• Free Movement – one free move with no need of a ticket to move your tram
  • More Seating for passengers – basically doubling the seating capacity of your tram
  • +1 action – Instead of 2 actions, you will get 3 actions each turn
  • Improved “extra” passenger acquisition – In the game. there is a press-your-luck mechanism whereby you can get an extra passenger when loading at a stop. The basic action is somewhat risky.  This bonus improves that option making it less risky as it improves the draw from one random meeple taken from the bag to 3 meeples drawn, the player selecting the one they like best.

Draw Tickets:  At the end of each turn you will draw 4 tickets.  There is no hand size limit.  It is also possible to always turn in 3 matching tickets to get 1 ticket of another color.

28 is an easy game to teach.  Play is intuitive as it rests on a solid theme of pick-up and deliver.  Players will need to manage their hand of cards.  Sometimes a player may not choose to do much as they simply need more cards to form a plan.  Initially there are 3 tourists waiting at every stop.  The first four monuments are on display, and players will formulate how to collect the needed passengers to be able to make the prescribed delivery.  Once a monument is claimed, that card is taken away, the fifth monument card opens, and another monument goes on preview.  Further, whoever claims a Monument card draws three random meeples and then decides which empty tram stop to restock.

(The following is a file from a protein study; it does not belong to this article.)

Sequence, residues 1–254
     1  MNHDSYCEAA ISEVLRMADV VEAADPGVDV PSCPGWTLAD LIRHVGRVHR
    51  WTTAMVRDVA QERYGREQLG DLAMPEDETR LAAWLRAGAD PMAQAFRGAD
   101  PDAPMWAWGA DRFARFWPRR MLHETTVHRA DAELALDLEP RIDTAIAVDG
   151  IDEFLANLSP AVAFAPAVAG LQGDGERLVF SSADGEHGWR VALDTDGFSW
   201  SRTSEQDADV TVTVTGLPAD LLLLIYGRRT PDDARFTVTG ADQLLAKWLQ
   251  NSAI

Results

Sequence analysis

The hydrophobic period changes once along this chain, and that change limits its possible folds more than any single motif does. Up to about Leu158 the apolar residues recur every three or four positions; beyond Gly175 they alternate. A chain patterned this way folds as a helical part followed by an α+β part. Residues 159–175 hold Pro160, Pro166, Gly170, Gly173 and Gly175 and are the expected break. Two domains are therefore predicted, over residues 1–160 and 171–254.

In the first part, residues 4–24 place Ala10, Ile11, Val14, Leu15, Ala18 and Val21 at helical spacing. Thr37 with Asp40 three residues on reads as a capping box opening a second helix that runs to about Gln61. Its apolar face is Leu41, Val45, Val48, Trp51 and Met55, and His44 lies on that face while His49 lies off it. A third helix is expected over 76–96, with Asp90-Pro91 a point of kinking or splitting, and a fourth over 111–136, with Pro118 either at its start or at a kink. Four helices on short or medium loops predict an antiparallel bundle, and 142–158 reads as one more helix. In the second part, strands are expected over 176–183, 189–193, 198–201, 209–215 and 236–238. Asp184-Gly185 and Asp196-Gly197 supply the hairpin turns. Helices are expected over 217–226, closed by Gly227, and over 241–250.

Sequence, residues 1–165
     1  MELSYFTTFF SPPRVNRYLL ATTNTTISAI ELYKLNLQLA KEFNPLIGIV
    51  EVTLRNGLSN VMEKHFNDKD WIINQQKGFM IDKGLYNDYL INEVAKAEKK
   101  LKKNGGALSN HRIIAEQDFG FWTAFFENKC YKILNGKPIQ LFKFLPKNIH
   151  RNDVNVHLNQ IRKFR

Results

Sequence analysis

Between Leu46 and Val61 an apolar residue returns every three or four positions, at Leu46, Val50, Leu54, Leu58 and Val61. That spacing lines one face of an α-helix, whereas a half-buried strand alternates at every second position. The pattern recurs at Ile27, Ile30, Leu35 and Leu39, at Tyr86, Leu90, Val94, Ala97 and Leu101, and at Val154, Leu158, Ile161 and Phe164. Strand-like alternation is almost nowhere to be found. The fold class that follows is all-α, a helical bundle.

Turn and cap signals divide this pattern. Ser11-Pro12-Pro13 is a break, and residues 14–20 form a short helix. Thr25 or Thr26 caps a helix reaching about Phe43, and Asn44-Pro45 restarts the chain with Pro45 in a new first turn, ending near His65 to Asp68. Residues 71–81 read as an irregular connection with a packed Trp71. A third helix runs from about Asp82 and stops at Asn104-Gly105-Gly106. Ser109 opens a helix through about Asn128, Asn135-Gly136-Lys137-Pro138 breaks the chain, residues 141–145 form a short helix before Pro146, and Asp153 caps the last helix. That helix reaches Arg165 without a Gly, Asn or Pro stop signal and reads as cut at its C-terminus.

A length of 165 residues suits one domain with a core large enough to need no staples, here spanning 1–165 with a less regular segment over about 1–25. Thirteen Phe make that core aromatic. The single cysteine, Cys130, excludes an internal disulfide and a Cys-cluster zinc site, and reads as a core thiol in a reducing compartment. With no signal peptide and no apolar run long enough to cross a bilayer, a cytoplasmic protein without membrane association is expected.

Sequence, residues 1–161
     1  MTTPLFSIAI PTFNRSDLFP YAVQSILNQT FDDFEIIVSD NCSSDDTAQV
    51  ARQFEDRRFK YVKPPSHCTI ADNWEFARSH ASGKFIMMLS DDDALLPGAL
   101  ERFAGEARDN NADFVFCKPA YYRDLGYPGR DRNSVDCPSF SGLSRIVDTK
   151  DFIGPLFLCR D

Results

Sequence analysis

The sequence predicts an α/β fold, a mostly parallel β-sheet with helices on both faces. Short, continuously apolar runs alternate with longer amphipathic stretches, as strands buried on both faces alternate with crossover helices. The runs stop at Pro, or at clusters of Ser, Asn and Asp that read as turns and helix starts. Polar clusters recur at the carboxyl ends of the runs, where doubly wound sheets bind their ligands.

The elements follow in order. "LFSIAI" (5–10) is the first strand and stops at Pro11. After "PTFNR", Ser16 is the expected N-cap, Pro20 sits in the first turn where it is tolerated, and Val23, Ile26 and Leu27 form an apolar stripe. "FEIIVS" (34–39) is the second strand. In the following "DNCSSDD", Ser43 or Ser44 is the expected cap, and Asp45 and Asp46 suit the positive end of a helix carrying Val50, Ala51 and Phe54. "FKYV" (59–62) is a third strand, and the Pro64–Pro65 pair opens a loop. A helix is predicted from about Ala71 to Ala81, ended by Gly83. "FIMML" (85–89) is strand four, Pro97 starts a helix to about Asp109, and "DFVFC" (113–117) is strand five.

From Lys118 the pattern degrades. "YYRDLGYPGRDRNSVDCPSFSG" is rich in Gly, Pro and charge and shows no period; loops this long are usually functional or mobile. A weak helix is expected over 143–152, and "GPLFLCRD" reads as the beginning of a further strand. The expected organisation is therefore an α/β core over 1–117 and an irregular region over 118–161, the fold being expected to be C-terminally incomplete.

Players will quickly learn to look at the other players position on the board and which meeples they have on his or her tram.  It will happen that another player will make a delivery that you were preparing for.  The ability to force trams out of your way can be very powerful.  In one of my games played, I was able to bump two opponents out of the way to claim a delivery that they thought was just a dispute between the original two players.  The ability to play several cards of a single color to make a big move (for just 1 action) can quickly move you to a zone your opponents were not expecting.